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Pa. veteran receives third Purple Heart 57 years late

February 10, 2003|by BONNIE HELLUM BRECHBILL

McCONNELLSBURG, Pa. - Fifty-seven years after the end of World War II, 2nd Lt. William G. Lane Jr., 80, received a Purple Heart for wounds he received in battle in France.

Lane, of Hustontown, Pa., had previously received two Purple Hearts for wounds and two Bronze Stars for valor.

Lane's nephew, Walter Lane Sr., said he loved to hear his uncle's stories of the war, but wondered about something.

"He was wounded three times, and he received two Purple Hearts. I asked him why, and he said, 'The corpsmen were busy.' I thought it was just and right that he should get the award."

In July 2000, Walter Lane began to research records.

"I hit a few dead ends," he said, "then I got a break on some records from the Sons of the American Legion."

He received notification in August 2002 that the Purple Heart would be awarded to his uncle.

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George C. Cutchall, a former Marine who is commander of American Legion Post 561 in McConnellsburg, Pa., welcomed Lane's family and friends to the ceremony and read the citation that accompanied the awarding of the Purple Heart.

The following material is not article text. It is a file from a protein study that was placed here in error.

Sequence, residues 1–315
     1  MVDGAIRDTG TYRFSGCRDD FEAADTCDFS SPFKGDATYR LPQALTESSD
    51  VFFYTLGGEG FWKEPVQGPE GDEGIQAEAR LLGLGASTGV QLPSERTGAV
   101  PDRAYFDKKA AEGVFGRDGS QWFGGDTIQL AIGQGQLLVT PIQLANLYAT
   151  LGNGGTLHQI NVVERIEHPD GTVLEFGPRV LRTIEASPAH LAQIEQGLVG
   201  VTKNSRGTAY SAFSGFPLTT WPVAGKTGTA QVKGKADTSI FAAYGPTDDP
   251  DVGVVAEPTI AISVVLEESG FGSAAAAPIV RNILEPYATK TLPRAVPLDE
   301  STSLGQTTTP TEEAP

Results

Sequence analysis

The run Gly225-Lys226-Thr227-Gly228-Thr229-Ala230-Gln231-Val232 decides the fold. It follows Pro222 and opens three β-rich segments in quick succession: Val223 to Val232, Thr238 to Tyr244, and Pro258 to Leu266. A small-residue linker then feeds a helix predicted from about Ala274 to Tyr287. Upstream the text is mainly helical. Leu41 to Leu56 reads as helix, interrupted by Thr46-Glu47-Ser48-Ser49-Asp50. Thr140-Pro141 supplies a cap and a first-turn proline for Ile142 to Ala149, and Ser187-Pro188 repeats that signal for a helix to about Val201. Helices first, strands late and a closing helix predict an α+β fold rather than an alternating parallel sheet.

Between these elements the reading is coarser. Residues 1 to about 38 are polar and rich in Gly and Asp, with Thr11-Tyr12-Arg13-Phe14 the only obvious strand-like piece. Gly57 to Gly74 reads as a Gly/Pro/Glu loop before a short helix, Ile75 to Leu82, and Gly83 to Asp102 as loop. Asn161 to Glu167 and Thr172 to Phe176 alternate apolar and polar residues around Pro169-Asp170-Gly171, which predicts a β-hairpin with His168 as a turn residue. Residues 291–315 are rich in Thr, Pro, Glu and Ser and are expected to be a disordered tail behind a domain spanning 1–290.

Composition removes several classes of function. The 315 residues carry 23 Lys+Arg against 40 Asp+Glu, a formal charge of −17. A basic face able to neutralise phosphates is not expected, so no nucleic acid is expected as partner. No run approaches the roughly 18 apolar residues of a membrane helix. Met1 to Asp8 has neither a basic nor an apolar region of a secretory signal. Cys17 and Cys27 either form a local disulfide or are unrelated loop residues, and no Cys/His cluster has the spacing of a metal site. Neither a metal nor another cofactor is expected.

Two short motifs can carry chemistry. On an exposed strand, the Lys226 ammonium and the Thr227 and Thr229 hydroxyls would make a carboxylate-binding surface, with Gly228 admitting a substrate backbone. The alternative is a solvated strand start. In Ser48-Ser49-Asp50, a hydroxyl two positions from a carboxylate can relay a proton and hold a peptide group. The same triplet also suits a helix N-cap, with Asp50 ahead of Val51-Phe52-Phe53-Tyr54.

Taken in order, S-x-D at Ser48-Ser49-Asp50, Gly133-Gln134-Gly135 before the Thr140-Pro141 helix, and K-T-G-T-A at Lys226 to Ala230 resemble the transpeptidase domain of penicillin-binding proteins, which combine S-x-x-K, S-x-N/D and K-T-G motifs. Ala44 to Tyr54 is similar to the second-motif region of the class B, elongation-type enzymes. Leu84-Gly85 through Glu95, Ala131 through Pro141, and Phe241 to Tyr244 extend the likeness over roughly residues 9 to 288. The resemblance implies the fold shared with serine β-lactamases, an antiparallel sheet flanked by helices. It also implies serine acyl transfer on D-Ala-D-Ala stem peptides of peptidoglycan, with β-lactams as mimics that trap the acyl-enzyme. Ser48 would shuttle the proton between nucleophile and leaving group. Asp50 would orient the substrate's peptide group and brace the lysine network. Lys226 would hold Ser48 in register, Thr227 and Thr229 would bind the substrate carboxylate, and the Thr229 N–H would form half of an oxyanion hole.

Lt. Col. John Koivisto, Garrison Commander of Carlisle Barracks, presented the award to Lane.

After congratulating Lane, Koivisto said, "It's a tremendous honor for an active duty soldier to set the record straight for a combat veteran. This represents a tremendous sacrifice for his nation."

While Koivisto has presented many awards, this is the first Purple Heart he has given to a veteran.

Lane said he felt honored to receive the Purple Heart.

"I feel very humble about it," he said. "I was glad I was able to serve and carry on. There were numerous occasions when I could have been wounded but wasn't. I was protected by God."

Many of Lane's relatives attended the ceremony, including his wife, Elva, several sisters, and his brother, Ben. The brothers had fought together in WWII, and both are listed on the Wall of Remembrance in Europe.

They worked at Letterkenny Army Depot in Chambersburg for many years.

The American Legion post's honor guard presented the colors at the start of the ceremony.

John Glazier, president of the Home Association of the American Legion, said this was the first Purple Heart ceremony for the honor guard, which formed in 1973.

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